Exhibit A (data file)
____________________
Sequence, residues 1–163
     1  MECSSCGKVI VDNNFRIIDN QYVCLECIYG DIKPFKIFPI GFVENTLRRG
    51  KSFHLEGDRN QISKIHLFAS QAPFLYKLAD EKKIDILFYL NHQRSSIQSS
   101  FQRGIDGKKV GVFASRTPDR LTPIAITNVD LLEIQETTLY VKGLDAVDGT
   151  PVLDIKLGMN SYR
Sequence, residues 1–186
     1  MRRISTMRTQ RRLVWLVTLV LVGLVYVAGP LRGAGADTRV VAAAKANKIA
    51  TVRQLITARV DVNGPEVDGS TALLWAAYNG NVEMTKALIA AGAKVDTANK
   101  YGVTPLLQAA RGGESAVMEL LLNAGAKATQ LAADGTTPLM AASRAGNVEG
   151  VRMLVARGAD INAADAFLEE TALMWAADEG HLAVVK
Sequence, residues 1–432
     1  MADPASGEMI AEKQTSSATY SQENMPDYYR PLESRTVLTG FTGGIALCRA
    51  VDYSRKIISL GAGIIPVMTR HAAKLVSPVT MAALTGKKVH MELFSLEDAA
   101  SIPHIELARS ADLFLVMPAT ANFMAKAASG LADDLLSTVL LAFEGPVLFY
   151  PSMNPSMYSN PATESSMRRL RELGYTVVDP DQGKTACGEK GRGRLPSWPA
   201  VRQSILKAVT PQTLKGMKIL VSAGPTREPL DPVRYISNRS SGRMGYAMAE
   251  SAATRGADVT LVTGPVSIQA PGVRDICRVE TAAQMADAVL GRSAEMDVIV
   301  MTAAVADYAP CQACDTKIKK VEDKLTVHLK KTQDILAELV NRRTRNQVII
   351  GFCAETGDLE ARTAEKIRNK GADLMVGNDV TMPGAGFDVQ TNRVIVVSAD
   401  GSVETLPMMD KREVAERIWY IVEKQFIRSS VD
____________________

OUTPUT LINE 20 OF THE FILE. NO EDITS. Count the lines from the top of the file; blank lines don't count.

   401  GSVETLPMMD KREVAERIWY IVEKQFIRSS VD